"D major, meanwhile is the true dominant of G minor. The solo at that point uses G harmonic minor - which you could say is the derivation of the chord: G minor scale with raised 7th degree. (You could say it's "borrowed from G major", the parallel major key, but it's actually a part of normal minor key harmony.)"

So D major is the most frequently used dominant because of the leading tone to the tonic, right? But he's still playing a harmonic MINOR scale over a major chord. Is it because the raised third from the D major is present in the G harmonic minor scale?

Thanks a lot you two
Last edited by KrisHQ at Jul 16, 2015,
#5
Quote by KrisHQ
@jongtr
Strictly following music theory D major wouldn't be the "right" V chord of Gminor.
Depends what music theory you read, I guess. Any book on classical harmony will tell you the V chord in a minor key is major. It's conventional.
Quote by KrisHQ

But what you're saying, is that it's more frequently used right, becoming the normal?
Yes. In fact, it's been used so frequently, for a few hundred years, that it's become normal, and is in all the theory books.

It's not always done. If you use a minor v chord (or a major VII chord) in a minor key, you have what's often called "modal" sound.
So to use Dm or F to resolve to Gm is a kind of "aeolian cadence".

The issue here is not what's "wrong" or "right" in terms of usage (anything that sounds good is right ); it's about what we call the various practices, how we define what's going on.
Quote by KrisHQ

However, doing that little switch has to have some kind of name or term? Borrowing from the relative major/minor?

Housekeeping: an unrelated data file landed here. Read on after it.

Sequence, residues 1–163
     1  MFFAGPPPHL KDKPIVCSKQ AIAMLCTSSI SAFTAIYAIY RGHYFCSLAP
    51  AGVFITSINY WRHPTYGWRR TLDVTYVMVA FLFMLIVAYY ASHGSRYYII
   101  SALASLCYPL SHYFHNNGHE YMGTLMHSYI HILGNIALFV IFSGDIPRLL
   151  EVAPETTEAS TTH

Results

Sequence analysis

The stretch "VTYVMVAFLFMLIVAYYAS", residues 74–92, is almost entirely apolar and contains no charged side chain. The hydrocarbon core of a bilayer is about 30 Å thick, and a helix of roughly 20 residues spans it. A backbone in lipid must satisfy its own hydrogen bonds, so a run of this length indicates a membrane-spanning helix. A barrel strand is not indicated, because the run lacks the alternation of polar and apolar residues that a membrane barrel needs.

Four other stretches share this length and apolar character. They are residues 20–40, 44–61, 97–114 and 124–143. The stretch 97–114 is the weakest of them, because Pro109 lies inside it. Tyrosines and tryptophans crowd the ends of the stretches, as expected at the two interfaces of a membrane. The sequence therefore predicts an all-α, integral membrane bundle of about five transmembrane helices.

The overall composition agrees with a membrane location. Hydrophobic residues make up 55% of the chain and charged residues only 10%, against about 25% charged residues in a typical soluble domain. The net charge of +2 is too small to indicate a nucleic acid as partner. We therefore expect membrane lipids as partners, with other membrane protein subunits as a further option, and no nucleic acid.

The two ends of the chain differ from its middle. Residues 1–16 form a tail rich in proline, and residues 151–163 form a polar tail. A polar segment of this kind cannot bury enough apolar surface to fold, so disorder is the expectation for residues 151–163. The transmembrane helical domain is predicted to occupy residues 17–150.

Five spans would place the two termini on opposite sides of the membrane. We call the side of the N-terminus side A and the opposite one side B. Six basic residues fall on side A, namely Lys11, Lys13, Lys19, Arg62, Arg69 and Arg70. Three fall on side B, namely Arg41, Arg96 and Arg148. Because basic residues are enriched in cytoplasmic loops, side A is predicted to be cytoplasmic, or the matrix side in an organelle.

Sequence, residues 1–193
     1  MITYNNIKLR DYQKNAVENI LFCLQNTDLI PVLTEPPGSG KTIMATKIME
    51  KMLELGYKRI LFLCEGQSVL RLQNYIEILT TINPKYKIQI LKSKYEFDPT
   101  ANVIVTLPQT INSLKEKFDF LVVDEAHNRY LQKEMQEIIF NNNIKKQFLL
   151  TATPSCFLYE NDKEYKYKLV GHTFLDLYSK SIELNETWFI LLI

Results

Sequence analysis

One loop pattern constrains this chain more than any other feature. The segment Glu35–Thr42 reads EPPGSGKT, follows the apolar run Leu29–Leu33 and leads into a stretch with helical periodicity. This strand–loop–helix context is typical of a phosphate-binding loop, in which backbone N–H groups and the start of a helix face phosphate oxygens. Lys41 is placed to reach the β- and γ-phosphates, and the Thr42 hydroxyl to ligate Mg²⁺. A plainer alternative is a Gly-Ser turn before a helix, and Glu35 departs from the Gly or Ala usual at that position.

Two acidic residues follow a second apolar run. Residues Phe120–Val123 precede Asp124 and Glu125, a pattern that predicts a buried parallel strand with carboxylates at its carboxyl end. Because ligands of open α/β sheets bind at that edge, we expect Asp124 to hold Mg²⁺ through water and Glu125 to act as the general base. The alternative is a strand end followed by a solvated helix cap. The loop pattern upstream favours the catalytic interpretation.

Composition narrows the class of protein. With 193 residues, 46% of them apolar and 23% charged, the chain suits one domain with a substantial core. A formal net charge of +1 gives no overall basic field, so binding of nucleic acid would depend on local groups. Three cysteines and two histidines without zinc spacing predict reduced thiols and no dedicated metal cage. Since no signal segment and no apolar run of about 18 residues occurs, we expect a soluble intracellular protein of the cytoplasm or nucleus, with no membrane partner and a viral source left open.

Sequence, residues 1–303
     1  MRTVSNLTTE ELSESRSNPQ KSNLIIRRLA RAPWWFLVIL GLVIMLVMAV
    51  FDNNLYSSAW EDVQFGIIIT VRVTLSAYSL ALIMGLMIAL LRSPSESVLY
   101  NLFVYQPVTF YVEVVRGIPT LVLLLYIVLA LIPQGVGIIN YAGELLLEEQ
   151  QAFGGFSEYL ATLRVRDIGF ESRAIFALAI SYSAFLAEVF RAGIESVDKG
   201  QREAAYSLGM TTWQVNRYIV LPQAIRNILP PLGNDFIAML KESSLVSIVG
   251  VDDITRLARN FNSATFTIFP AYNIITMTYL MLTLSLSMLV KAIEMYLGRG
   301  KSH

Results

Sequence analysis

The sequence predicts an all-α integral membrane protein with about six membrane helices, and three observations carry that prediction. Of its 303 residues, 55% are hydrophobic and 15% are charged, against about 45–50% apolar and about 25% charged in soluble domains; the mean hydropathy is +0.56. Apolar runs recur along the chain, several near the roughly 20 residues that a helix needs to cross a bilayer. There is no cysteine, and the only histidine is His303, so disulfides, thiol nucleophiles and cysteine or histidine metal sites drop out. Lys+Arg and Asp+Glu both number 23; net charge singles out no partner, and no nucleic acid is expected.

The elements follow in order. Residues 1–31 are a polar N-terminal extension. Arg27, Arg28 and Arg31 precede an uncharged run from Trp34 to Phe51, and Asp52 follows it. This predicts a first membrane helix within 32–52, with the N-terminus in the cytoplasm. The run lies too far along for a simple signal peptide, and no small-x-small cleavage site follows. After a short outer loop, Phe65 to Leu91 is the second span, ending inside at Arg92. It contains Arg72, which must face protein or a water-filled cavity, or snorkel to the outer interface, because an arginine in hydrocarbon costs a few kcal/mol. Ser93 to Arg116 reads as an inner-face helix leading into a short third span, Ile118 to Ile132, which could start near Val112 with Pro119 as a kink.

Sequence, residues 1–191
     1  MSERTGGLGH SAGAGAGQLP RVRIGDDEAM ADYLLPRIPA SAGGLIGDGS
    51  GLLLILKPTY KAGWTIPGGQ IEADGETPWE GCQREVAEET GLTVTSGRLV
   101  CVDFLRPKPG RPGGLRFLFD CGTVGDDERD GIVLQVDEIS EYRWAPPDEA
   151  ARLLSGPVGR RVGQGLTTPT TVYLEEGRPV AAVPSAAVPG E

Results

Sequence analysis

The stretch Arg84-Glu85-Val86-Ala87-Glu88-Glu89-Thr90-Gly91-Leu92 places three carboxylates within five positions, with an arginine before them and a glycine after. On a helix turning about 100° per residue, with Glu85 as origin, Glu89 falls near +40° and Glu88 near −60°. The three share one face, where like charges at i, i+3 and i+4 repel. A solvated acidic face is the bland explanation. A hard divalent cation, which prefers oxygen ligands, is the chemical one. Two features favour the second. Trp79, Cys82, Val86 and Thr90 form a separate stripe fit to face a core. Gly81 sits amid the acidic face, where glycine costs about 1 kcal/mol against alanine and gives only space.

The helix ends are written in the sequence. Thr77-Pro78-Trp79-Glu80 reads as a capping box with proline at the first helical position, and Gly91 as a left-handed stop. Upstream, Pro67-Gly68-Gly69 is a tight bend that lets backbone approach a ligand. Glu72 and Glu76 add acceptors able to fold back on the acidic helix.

It's called harmonic minor.
That is, the practice of forming a major chord on the V step, in order to have a leading tone to the tonic, is called harmonic minor - because it improves the cadence, the harmonic function.
Quote by KrisHQ

Ok. So either borrowing from the G Phrygian (which would make sense) or modulating to Cm. How to know which one is "correct"?
Whichever one makes most sense of the music, for you.

I'd agree with NeoMvsEu "Solo progression, Ab-c-Bb... ending in D? That sounds like a modulation to C minor ending in a half cadence in the original key. (ends in V)"

(The term "half cadence" means an ending on the V chord. In this case, Cm-D is a classic half cadence in G minor. C-D, or Am-D would be a half-cadence in G major. If the D was at the ending of a section, that is.)

The "phrygian borrowing" is an alternative view, if you feel the key centre is still G in the solo. My ears suggest it sounds more like C, so the "modulation" interpretation works for me. (As I said before, the fact the Ab is not used as a bII, resolving back to Gm, argues against the phrygian idea.)